CBN also said, “As part of its responsibility to ensure price stability, it will boost liquidity in the Nigerian Foreign Exchange Market by interventions from time to time.” There are only two ways to save the naira; boost forex supply or reduce its demand. CBN increased forex demand by reinstating 43 items that have been excluded from the forex market for some years. Does it have the forex to boost supply? A $3 billion Emergency Crude Repayment Loan said to have been secured by NNPC Ltd from African Export-Import (AFREXIM) Bank in August, meant to shore up the naira, was later denied by the bank. Forex dealers here saw it as a false charge designed to see if they had broken legs.
In the last three months, President Tinubu’s Administration has rolled out several programs aimed at reducing poverty in the country, or at least reducing the suffering of citizens at the bottom rungs of the social-economic ladder. One of the most publicized measures was the August 17 release of N5 billion to each state and Federal Capital Territory [FCT] for them to procure food items for distribution to the poor. In addition, each state and FCT got five trucks of rice. Some of the funds were grants while some were loans.
Also well publicized was Tuesday last week’s commencement of distribution of N25,000 per month to 15 million households under the Renewed Hope Conditional Cash Transfer program. It is aimed at “uplifting poor and vulnerable Nigerians as an immediate intervention to cushion the effects of fuel subsidy removal and other economic shocks.” Dummy cheques of N25,000 each were presented to five beneficiaries to kick start the program. World Bank Country Representative Shubham Chaudhuri said this “shock-responsive cash transfer” is widely used in many countries and “is one of the most effective methods in assisting the impoverished and vulnerable, who have been impacted by economic shocks or rising living costs.”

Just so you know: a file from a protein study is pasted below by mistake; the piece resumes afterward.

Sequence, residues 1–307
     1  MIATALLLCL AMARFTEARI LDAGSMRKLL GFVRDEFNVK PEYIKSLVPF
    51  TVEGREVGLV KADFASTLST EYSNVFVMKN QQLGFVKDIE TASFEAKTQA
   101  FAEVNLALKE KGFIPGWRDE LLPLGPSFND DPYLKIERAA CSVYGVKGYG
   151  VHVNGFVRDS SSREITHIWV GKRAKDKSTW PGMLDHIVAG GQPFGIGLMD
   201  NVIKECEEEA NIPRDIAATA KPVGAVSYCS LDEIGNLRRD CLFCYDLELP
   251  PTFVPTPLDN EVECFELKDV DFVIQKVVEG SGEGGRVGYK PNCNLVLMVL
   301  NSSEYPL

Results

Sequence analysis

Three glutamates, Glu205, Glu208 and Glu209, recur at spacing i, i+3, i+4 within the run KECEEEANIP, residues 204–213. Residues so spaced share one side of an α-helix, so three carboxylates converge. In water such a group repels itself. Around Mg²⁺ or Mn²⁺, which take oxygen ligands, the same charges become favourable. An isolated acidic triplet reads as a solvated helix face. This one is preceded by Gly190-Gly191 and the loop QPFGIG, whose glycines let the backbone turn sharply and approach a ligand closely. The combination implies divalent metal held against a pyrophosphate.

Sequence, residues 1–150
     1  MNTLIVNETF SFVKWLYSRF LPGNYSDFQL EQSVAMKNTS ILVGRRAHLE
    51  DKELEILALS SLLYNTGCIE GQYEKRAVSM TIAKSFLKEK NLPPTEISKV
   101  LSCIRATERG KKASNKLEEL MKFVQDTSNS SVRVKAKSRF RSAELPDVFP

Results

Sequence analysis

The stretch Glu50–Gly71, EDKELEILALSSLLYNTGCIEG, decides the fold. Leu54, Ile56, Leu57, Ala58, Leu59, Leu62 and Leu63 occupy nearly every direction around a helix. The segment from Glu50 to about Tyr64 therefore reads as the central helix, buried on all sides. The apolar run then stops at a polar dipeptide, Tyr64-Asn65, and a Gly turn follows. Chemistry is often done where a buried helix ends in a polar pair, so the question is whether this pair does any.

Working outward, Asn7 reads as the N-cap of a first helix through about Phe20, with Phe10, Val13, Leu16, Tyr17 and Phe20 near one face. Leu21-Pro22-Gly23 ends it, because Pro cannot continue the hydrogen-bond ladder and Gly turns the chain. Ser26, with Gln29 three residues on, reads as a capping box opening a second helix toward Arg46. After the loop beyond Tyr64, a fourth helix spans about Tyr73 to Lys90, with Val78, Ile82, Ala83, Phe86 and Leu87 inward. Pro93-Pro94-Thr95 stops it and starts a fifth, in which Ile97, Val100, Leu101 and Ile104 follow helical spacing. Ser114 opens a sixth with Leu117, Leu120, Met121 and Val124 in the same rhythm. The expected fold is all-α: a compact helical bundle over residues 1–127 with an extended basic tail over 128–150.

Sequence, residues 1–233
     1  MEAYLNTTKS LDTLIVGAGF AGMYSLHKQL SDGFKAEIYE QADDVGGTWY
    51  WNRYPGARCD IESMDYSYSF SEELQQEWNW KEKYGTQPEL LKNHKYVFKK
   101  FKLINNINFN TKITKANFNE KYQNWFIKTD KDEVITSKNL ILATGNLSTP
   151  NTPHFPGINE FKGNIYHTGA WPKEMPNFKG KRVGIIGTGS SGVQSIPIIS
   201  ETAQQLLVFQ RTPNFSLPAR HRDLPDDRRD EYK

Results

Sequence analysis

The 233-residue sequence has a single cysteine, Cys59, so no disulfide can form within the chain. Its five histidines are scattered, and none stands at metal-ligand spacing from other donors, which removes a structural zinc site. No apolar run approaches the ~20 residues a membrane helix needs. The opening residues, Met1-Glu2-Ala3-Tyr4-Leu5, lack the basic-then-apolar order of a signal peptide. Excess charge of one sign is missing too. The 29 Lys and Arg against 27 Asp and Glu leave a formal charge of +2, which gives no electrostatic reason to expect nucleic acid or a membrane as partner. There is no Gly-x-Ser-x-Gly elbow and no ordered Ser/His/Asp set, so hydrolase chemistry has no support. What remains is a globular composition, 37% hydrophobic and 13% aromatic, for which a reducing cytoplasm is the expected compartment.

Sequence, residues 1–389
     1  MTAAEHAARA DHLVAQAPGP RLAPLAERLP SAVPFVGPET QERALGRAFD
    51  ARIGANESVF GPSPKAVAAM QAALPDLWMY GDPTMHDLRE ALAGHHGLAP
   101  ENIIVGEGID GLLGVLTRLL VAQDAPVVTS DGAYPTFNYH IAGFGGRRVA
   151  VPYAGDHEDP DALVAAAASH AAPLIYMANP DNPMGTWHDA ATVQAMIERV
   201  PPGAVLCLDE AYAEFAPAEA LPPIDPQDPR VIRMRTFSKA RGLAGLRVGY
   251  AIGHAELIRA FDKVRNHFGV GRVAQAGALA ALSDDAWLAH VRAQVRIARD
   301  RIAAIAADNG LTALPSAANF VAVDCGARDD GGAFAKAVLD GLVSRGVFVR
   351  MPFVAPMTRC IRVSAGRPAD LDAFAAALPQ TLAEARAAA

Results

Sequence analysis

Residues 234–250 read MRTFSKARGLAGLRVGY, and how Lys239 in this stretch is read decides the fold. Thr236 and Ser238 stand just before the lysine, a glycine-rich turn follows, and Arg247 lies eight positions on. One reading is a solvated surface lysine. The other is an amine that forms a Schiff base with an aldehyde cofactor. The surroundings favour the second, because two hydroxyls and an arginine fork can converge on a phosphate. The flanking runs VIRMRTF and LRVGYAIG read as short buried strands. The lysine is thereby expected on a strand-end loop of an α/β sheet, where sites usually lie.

Other poverty-relief measures unrolled or promised by the Tinubu Administration include a new national minimum wage for workers; a N35,000 grant to all Federal workers for three months; signing of four Executive Orders to address unfriendly fiscal policies and reduce multiple taxes; funding of 75 enterprises with N75 billion to improve productivity; funding Micro, Small and Medium Enterprises with N125 billion, out of which N50 billion would be for Conditional Grant of N50,000 each to 1,300 nano business owners in each of the 774 local governments across the country between now and March 2024; and 225,000 metric tonnes of fertilizer, seedlings and other inputs to be provided to farmers.
This is all a lot of effort but we must pray that poverty, which is a hydra-headed monster aggravated by insecurity and kidnapping, does not see all of these as a lion-style false charge designed to frighten it. Experts say that it is better to teach a man to fish than to give him fish to eat, but I agree with the World Bank man that when a person sinks to a certain level of poverty, the first task is to keep him or her alive. However, with respect to the loans advanced to small businesses, I remember what the then Director General of National Directorate of Employment [NDE], Alhaji Abubakar Mohammed, told editors of Daily Trust more than ten years ago. He said most Nigerians think capital is the only thing required to operate a business, but there is the small matter of acquiring elementary skills of book keeping.